E6/E7 oncogenes of high-risk human papilloma virus (HPV) subtypes are essential for the development of certain types of cancers. However, these oncogenes are insufficient to transform normal cells into an immortalized or malignant state. Mutant Ha-ras cooperates with E6/E7 of HPV subtype 16 in transformation of cells in vitro and may contribute to some HPV-associated cancers in humans. This study investigates whether HPV16 E6/E7 and v-Ha-ras synergize in vivo. FVB/n mice transgenic for v-Ha-ras gene (R+) were crossed with transgenic C57BL/6 mice that harbor E6/E7 of HPV16 (E+). Beginning at about 3 months of age, the bitransgenic E+R+(C57BL/6 × FVB/n) F1 mice developed mouth, eye and ear tumors. By 6 months, the prevalence of these types of mouth, eye and ear tumors was 100, 71 and 79% respectively in the E+R+ mice. Most tumors grew progressively until the mice had to be killed. The median times for the appearance of the first mouth, eye and ear tumor were 3.6, 4.3 and 4.2 months, respectively. For the two singly transgenic groups of mice, the prevalence of mouth, eye and ear tumors was 0, 0 and 6% (E−R+) and 0, 0 and 0% (E+R−), respectively, and the median time to first tumor was greater than 12 months for singly transgenic mice (E−R+, E+R−). Thus, a remarkable synergy occurred between the v-Ha-ras and HPV16 E6/E7 oncogenes in the development of primary tumors in mice.
The E6/E7 oncogenes of certain human papilloma viruses (HPV) such as HPV16 and HPV18 appear to be essential causative factors for the majority of cervical cancers (Campo, 1998; zur Hausen, 2000) and for a significant fraction of neoplasms in humans at specific other sites, particularly anogenital, head-neck (oropharyngeal) (Gillison et al., 2000; Klussmann et al., 2001; Ringstrom et al., 2002), eye (conjunctival) (Scott et al., 2002) and ear (middle ear) (Bergmann et al., 1994; Jin et al., 1997; Tsai et al., 1997). These types of cancers are typically preceded by clinically detectable premalignant, that is, noninvasive lesions that usually arise in epithelial transition zones where cell types are changing. The reasons for the restriction of HPV16-associated tumor development to certain anatomic sites are not clear, but epithelium-specific transcriptional activation of the HPV16 oncogenes (Cripe et al., 1987; Gloss et al., 1987) is likely to play a critical role. More people are infected with HPV16 and HPV18 than develop premalignant lesions and most individuals clear initial infections (IARC, 1995a). Nevertheless, a small percentage of individuals shows viral persistence and develops preneoplastic lesions, which may progress to cancer, usually after many years (Campo, 1998). Therefore, if premalignant lesions are identified and removed early, a significant proportion of HPV-associated cancers can be prevented (Janicek and Averette, 2001). In addition, identifying subjects whose lesions are likely to take longer to progress may not only be cost-saving, but also reduce morbidity from unnecessary procedures (Schlecht et al., 2003).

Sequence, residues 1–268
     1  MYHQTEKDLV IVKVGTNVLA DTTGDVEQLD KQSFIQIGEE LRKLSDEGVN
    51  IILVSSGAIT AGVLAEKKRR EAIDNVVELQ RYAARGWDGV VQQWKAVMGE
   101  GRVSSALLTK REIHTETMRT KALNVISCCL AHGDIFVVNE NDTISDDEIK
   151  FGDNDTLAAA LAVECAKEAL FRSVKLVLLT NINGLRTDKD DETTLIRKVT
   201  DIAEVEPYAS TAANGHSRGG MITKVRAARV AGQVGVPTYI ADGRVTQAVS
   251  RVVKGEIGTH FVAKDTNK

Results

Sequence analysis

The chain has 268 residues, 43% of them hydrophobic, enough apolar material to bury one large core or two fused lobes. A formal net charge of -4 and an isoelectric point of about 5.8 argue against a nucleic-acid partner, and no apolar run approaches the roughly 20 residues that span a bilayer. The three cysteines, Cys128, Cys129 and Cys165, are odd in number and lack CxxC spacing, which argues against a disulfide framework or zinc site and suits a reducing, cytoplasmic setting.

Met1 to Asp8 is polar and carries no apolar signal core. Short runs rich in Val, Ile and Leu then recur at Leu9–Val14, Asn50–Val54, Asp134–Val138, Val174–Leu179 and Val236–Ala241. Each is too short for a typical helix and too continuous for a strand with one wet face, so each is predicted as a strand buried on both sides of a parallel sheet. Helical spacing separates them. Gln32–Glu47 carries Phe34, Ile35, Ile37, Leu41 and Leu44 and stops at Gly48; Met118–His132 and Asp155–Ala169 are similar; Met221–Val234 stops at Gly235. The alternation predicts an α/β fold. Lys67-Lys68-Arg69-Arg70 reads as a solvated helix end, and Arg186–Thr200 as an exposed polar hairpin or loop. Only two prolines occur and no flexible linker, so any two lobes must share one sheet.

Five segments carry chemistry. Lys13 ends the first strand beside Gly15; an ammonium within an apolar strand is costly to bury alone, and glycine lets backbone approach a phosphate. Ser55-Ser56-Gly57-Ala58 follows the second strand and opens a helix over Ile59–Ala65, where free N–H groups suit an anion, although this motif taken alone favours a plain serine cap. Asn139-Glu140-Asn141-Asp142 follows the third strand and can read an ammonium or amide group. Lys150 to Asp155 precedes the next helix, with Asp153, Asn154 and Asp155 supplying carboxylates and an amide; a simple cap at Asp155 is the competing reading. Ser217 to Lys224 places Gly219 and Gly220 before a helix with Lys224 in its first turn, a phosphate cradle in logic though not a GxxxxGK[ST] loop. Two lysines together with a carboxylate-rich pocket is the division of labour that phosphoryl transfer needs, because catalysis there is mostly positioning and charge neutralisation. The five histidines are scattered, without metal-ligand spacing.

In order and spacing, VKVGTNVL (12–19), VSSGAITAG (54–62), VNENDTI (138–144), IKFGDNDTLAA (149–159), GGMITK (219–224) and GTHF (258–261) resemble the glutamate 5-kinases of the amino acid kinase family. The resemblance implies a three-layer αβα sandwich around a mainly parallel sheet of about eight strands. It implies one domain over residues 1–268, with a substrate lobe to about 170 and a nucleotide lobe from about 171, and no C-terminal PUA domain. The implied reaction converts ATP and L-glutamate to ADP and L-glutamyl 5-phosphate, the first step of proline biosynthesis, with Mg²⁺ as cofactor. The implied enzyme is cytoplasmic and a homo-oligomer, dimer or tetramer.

Although E6/E7 may be necessary for developing certain carcinomas, the low percentage of individuals developing carcinomas even with persistent HPV infection suggests that these genes are not sufficient for carcinogenesis. Therefore, researchers have sought for other genes that could synergize with E6/E7 in producing carcinomas. However, these efforts have been inconclusive. For example, researchers have failed to find a strong association between specific p53 polymorphisms and an increased risk of cervical neoplasia (Storey et al., 1998; Klug et al., 2001). Observations about a possible synergistic role for ras have also been inconclusive. An early study found mutant Ha-ras genes in a significant fraction of late-stage cervical cancers (Riou et al., 1988). However, subsequent studies by other groups failed to confirm these findings (Willis et al., 1993), and this led the International Agency for Carcinogenic Risks (IARC, 1995b) to suggest in 1995 that ras mutations were not an important step in the development of cervical cancers. Nevertheless, more recent histochemical, serological and sequencing analyses suggested that the ras oncogene may indeed contribute to a small (approximately 20%) but significant fraction of HPV-associated neoplasia (Lee et al., 1996; Dokianakis et al., 1999; Golijow et al., 1999; Alonio et al., 2000; Mouron et al., 2000; Pedroza-Saavedra et al., 2000; Stenzel et al., 2001; Prokopakis et al., 2002). Experimentally, two papillomas isolated from an HPV18 E6/E7 transgenic mouse line were found to have acquired activating somatic point mutations in the Ha-ras gene (Greenhalgh et al., 1994). In vitro, mutant ras synergizes with high-risk HPV types 16 and 18 E7 genes in transforming primary rodent cells in culture (Crook et al., 1988; Phelps et al., 1988). Transplantable HPV16 E6/E7 expressing tumor models used cells that required co-transfection with HPV16 E6/E7 and mutant ras (Feltkamp et al., 1993; Lin et al., 1996; Eiben et al., 2002). Finally, a recent study of tumor cell metabolism in vitro showed that ras expression in primary cells leads to a metabolic inhibition of proliferation that is reversed by the additional expression of HPV16 E7 (Mazurek et al., 2001). Thus, mutant ras may cooperate with HPV oncogenes, and this cooperation may be important for a subgroup of HPV-induced cancers.